Contracts For Deed / Lease To Purchase Q&A

Last Updated on Friday, 3 June 2022 02:22 Written by Chris Griswold Friday, 3 June 2022 02:22

Message From Chris….

The real estate world sometimes uses terms like “contract for deed,” “lease to own,” “rent to own,” “lease to purchase,” and/or “lease with an option to purchase.”  We’ve all heard of these.  They’re actually all synonyms though, legally speaking….  What do they really mean?

There’s a lot of misinformation out there about these arrangements, and I’ve gotten a lot of calls on these lately, so I address them this month.  When interest rates rise (as they are doing), this form of financing to “get deals done” becomes a large player in the deal financing arena, as some buyers want to avoid otherwise higher, market-rate interest rates and/or can’t qualify for a bank loan….  Few things keep the Court system as alive and healthy as divorces and these arrangements.

Note:  While this piece admittedly covers the issues faced more by a Seller/Landlord, it doesn’t necessarily make a Buyer/Tenant happy either to learn that they already own something they thought they were just leasing (especially in terms of general liablity to the public, insurability issues related to such liability, tax liabilities, etc…).  Everybody take note….

Contracts For Deed / Lease To Purchase Q&A

  1. I’ve heard these terms used a lot, but what are they really? They’re something the law calls a “contract for deed,” and the law views all of them the same way; no matter what you call them; no matter how you try to characterize or label them in your deal docs….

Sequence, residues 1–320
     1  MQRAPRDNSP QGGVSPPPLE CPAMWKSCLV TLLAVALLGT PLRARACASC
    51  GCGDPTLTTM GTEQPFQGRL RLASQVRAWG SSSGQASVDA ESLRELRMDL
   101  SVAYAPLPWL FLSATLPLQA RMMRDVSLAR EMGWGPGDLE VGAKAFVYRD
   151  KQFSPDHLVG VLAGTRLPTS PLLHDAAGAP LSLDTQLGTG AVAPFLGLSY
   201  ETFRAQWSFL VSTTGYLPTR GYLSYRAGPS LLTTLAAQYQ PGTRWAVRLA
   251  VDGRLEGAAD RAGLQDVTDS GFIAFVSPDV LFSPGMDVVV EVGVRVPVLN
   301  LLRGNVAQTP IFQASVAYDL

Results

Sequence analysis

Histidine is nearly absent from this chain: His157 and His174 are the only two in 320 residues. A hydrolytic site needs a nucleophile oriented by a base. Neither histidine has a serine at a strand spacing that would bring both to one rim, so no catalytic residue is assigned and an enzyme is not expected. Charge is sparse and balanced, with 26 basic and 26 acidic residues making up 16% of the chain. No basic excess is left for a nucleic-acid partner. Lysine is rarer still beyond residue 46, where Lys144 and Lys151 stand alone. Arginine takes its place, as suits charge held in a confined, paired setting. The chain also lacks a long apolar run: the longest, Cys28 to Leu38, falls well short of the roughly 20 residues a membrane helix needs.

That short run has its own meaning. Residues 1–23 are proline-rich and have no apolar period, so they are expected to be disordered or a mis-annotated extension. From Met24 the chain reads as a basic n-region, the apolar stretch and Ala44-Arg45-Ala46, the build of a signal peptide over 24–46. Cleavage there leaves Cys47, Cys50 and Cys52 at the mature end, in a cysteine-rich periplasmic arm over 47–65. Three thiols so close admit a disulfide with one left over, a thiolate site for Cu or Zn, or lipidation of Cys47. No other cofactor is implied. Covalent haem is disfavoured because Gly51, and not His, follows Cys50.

2. How does the law view them? No matter what they’re called, they’re viewed by the law as a conveyance and sale.  This means that the person purporting to be the “landlord” has, no matter what they meant to do, in fact, “sold” their property to the person purporting to be the “tenant.”
  3. Why do “Landlords/Sellers” agree to do these conveyances?  Whether to get the deal done more quickly or to circumvent a would-be-tenant’s inability to otherwise get their own real, ortodox, deed/note/mortgage/loan from an institutional lender (excluding sellers that own their property debt free, with no encumbrances filed of record), some sellers entertain the prospect of “renting” their property to a “tenant” with the understanding that the “tenant” ultimately pays off the note and then “owns the property.”  However, this isn’t as easy as it sounds….  Why?
  4. What are the complications with these conveyances? Oftentimes, the “tenant” defaults.  So?  Afterwards, the “landlord” goes to evict the “tenant.”  Once things go to Court, the judge politely tells the “landlord” that they can’t evict, instead, they have to foreclose on their property to reclaim possession, because the arrangement was a conveyance and sale, not just a lease.  And foreclosing is a much longer, more expensive process than an eviction.  See the problem??  
  5.   What are other complications with these arrangements?  Unless the property is completely paid off, something called the landlord’s/seller’s “due on sale clause” in the landlord’s/seller’s loan docs (with their own lender) will be violated.  This means that, once the landlord’s/seller’s lender finds out about the “sale,” the landlord/seller has to pay off their own lender immediately because they’ve now sold their property to the “tenant.”  And everyone’s hope that the lender won’t find out lasts until about hail season, when insurance companies begin paying out roof replacement claims as people struggle over who “actually owns the property.”  See the problem??

What My Clients Are Saying

“I have been extremely pleased with the legal services provided by Chris.  He is an expert on real estate issues; devotes immediate attention to our needs and follows through with all required action.  I look forward to a continuing relationship with Chris.”
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The information presented within this article is of a general nature and is not intended to be relied upon as legal advice in any particular matter without first consulting qualified counsel.

Chris Griswold, P.C.